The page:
Survey of Arts Management

Course blog for American University PERF-570, Fall 2014

National Cat Day and the Mega-Musical that Just Won’t Go Away


Fittingly, today is National Cat Day and I’m going to talk about the musical that just won’t die: Cats. Maybe I have a personal bias because I was in a terrible fourth-grade production (yes, you read that right someone thought it was a good idea to have 4th graders do Cats) of the musical, but it just seems that those tiny, green, demon eyes won’t go away.

Over the summer it was announced that Cats would be revived on the West End, complete with rap music. Well brace for impact, because it gets better. In late September, it was announced that Nicole Scherzinger, from the pop band The Pussycat Dolls, would be playing the role of Grizabella, “the glamour cat”.

My issue is not with a pop star taking on a role in a musical production. Scherzinger has a former vocal coach who was a musical director at Auburn for some time, so I know she has musical theatre training. I find this revival interesting for what it means for musical theatre. It’s a limited run (from December to February), but it’s a revival of a mega-musical with a pop star. In musical theatre history, forgive me if my nerd is showing, you have the era of what is referred to as the “mega-musical”. For “mega-musical” think anything with huge amounts of spectacle and an identifying image. Examples would be: Phantom and the mask, Cats and the cat eyes , Cosette’s face from Les Miserables, or the two witches faces from Wicked. You could be shown any of these images, with no text, and be able to identify where it originated. The era of musical theatre we are in now is a complex one. Some of these shows still run, but they run next to musicals like BeautifulCabaretIf/ThenGentlemen’s Guide to Love and Murder, and On the Town. All of these shows are not mega-musicals.

Choosing to invest this much in a limited run revival of a mega-musical seems like a message to me. I view it as a testing of the waters to see just what would happen if we reentered the era.

Don’t get me wrong- there’s a magical feeling when the chandelier falls during Phantom of the Opera, but there’s also magic when Sally Bowles sings the title song of Cabaret. It appears that we are about to see which magic wins out.


3 comments on “National Cat Day and the Mega-Musical that Just Won’t Go Away

  1. torisharbaugh
    October 31, 2014

    Wow. Simply, wow. Honestly, I am surprised that Cats is producing a revival. It was always the ongoing joke with the theater/music people at Gettysburg that Cats was the worst musical to ever exist. Obviously that is an exaggeration, but it is not to be taken with a grain of salt. Cats is not the most popular musical in the world, at least amongst the theater crowd (who usually do not like most of Andrew Lloyd Webber anyway). However, I can commend producers for endlessly presenting it on Broadway. I mean, if seats weren’t being filled, the production would not be able to run so many times.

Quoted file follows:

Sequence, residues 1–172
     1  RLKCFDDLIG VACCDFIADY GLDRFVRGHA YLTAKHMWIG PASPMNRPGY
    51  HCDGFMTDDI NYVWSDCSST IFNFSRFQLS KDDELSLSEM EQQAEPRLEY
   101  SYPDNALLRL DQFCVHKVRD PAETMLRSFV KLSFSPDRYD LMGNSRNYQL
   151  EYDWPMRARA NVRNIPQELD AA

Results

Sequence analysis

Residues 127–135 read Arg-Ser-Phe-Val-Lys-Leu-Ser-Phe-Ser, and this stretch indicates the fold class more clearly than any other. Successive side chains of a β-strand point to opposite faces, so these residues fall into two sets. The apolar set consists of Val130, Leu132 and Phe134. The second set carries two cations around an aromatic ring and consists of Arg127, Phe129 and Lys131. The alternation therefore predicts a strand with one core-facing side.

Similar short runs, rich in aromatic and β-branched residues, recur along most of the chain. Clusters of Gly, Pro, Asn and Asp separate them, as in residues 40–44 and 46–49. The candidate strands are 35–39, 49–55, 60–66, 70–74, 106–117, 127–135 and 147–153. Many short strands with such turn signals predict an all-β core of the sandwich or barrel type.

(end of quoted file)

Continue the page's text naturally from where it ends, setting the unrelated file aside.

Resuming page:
I’m interested to hear about the reception of this revival though, especially with rap music. Cats has an edginess to it, so I can see the rap music blending in well. The revival might be limited run because they are testing this reception.

  2. carolynsupinka18
    October 31, 2014

    Let it be known that as a child I was obsessed with Cats, because it was about cats, and I saw it twice and had the VHS set. And a poster.
    Anyway, this is really interesting! I would love to learn more about the transformation of the musical in American history. I think there are a lot more dips and trends than meets the eye. It would be interesting to create a timeline of musical theatre history, alongside trends in the economy, politics, and other art forms. There are smaller musicals like ‘The Fantasticks’ which (not that I know a lot about theatre!!!) which are huge hits and receive critical acclaim and success without fitting the current ‘big musical’ mold. I wonder how these other musicals fit into the spectrum, and, like you said, what the future will hold for big musicals. And Cats. Always Cats.

  3. cayleycarroll
    November 3, 2014

    Ok for the record I generally do not enjoy mega-musicals because they are silly, BUT I am all about a rap version of CATS. I am certain the production will be a financial disaster for the producers because generally speaking, people who love musicals don’t love rap, and people who love rap don’t love musicals. I really just don’t see those demographics colliding on a profitable scale. So, there’s that. But if I happen to be in NYC during its run, please note that I will be purchasing a ticket because I do enjoy hip hop and think this would be an excellent people watching opportunity.

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